Vancouver Pride draws upon LGBT history to reinvigorate itself for Virtual Pride 2020 and beyond

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      Many LGBT communities arose out of adversity while overcoming challenges and opposition, and that historical penchant for fluidity is one that is proving resourceful during the widespread disruptions caused by the COVID-19 pandemic.

      The Vancouver Pride Society (VPS) unveiled its new brand identity on May 14, which incorporates a forward-leaning retro look that is intended to reflect Vancouver Pride as “passionate, caring, quirky and sassy”.

      Vancouver Pride Society

      An explanation on their new website (which will be will be fully operational on June 1 along with a new app) states that due to numerous flags arising for different LGBT communities, the VPS decided not to include a rainbow flag in their new brand identity in order to represent all aspects of LGBT communities. However, the logo will appear in a variety of colour combinations.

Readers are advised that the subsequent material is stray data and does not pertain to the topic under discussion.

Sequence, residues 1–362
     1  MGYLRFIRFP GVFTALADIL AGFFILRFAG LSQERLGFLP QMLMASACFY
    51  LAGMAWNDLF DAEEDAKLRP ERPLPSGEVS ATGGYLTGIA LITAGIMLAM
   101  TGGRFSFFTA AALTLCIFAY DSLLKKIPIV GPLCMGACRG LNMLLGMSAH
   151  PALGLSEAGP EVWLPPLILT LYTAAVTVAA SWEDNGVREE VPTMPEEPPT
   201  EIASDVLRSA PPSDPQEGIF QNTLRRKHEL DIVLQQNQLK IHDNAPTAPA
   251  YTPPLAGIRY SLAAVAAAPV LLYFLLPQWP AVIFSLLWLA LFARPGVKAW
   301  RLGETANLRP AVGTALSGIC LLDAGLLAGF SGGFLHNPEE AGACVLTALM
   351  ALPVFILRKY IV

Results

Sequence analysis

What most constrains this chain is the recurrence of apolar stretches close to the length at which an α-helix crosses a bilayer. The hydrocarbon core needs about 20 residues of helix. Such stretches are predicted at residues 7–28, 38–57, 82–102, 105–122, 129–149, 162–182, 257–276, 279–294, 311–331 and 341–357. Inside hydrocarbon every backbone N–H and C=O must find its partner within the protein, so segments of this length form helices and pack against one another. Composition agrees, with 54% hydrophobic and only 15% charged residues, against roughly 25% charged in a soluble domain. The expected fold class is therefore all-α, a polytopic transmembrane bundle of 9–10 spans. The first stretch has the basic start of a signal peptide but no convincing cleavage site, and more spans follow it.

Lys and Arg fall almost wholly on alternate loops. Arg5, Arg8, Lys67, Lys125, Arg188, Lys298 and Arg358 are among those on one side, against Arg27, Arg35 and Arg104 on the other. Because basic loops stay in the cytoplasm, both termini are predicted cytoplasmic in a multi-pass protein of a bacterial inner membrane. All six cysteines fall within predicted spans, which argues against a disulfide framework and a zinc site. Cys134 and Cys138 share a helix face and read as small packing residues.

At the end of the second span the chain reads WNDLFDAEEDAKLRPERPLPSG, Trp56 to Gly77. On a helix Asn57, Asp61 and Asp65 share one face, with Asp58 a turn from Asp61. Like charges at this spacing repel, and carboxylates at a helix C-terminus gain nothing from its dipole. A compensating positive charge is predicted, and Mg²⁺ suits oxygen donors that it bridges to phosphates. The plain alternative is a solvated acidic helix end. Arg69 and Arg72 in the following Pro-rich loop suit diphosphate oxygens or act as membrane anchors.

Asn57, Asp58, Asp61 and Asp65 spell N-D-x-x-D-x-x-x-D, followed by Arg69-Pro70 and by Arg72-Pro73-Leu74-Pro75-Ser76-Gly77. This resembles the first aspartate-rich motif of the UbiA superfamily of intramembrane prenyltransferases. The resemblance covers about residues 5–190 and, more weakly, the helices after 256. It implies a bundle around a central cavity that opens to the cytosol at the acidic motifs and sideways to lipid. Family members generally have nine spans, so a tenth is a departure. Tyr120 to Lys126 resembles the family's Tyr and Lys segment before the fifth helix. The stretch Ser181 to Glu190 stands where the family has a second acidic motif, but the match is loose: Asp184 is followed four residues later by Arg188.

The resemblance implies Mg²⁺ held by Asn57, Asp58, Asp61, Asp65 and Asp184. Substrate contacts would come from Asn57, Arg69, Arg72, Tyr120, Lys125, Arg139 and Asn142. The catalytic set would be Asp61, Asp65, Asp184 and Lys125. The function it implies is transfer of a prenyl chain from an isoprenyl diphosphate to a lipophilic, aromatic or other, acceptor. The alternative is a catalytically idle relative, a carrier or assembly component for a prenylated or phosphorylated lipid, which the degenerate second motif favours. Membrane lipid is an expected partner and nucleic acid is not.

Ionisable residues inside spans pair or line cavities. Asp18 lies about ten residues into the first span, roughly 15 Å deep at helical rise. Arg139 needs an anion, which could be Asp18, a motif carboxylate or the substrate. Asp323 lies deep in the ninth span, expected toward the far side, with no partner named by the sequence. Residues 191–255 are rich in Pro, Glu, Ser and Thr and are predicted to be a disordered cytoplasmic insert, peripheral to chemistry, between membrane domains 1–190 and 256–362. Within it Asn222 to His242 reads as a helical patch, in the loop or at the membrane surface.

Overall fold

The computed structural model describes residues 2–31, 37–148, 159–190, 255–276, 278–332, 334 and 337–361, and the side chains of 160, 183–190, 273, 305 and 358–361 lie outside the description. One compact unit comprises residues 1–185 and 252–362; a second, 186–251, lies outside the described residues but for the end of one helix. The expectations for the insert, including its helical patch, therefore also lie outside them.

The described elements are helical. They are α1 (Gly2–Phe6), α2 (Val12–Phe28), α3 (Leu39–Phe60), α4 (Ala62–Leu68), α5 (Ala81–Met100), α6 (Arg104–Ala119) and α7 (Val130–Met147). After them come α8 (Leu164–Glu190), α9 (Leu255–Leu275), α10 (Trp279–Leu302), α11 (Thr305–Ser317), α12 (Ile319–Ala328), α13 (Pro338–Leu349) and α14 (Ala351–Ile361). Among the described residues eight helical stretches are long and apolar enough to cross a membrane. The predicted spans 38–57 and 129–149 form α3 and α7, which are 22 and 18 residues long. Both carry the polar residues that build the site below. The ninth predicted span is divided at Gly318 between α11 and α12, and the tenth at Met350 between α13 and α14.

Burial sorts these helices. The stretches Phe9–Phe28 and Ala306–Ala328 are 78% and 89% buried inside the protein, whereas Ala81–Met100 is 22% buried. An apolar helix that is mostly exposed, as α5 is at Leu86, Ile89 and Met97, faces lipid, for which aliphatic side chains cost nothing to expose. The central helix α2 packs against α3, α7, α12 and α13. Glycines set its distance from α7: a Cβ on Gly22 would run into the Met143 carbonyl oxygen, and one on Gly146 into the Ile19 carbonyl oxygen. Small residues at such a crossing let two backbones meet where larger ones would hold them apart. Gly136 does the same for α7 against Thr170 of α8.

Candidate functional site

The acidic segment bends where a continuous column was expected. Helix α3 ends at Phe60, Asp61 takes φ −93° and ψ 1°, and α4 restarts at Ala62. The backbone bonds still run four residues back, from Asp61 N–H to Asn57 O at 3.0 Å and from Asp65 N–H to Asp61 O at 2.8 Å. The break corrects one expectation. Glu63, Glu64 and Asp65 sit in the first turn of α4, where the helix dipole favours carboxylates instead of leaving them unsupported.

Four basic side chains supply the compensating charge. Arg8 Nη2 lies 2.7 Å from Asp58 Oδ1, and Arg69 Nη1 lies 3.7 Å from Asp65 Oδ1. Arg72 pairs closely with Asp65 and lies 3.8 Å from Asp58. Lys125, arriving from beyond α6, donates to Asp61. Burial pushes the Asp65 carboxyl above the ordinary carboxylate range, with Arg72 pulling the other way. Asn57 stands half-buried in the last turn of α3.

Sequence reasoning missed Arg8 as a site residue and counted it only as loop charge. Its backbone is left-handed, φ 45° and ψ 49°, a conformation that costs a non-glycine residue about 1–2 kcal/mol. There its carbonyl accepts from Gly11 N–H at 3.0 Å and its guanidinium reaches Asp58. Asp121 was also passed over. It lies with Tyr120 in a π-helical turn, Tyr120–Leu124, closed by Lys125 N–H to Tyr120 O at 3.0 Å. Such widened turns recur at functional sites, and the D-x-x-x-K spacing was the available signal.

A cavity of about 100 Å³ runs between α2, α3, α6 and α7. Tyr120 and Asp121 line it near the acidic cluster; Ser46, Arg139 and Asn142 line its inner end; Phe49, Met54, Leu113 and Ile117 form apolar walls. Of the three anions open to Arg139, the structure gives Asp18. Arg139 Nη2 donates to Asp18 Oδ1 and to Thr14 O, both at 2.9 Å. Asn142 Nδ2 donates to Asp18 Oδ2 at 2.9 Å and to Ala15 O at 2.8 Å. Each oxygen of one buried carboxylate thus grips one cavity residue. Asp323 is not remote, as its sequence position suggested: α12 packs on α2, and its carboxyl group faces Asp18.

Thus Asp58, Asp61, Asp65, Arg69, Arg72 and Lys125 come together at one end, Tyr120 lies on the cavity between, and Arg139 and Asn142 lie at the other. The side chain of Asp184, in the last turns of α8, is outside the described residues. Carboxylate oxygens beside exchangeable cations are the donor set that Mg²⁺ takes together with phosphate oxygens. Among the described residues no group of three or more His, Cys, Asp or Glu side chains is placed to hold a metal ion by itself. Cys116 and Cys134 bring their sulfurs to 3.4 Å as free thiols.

“VPS has gone through a metamorphosis over the past five years.” VPS executive director Andrea Arnot stated in a news release. “We changed how we serve and advocate for our community and we wanted a fresh, new look that reflected our journey.” 

      With a new staff team in 2016, the VPS conducted community consultations between Pride 2016 and 2017, including discussions about the role of law enforcement in the parade; have held further consultations; created a new staff position—the community partnerships and QTBIPOC outreach coordinator—and a two-spirit committee.   

      Vancouver Pride Society

      Like many other festivities, this year’s Pride will resort to alternate means of celebration to become Virtual Pride 2020.

      Among the events to be held from July 27 to August 2 will be Public Disco Pride Edition, Hot Fruit: 5G—A QTBIPOC Pride Celebration, a Pride Ball with Van Vogue Jam, both a local history and an international panel discussion, and several drag events.

      The VPS is teaming up with the Vancouver Symphony Orchestra to present Symphonic Pride, a variety talent show, and with the Vancouver Writers Festival to offer a Writers Showcase.

      And for the annual pièce de résistance, a Virtual Pride Parade Live Stream will be held on August 2.

      “Now people from all over the world can tune into Vancouver Pride festivities and events,” Arnot stated. “Pride can not be cancelled, only reimagined.”

      Vancouver Pride Society

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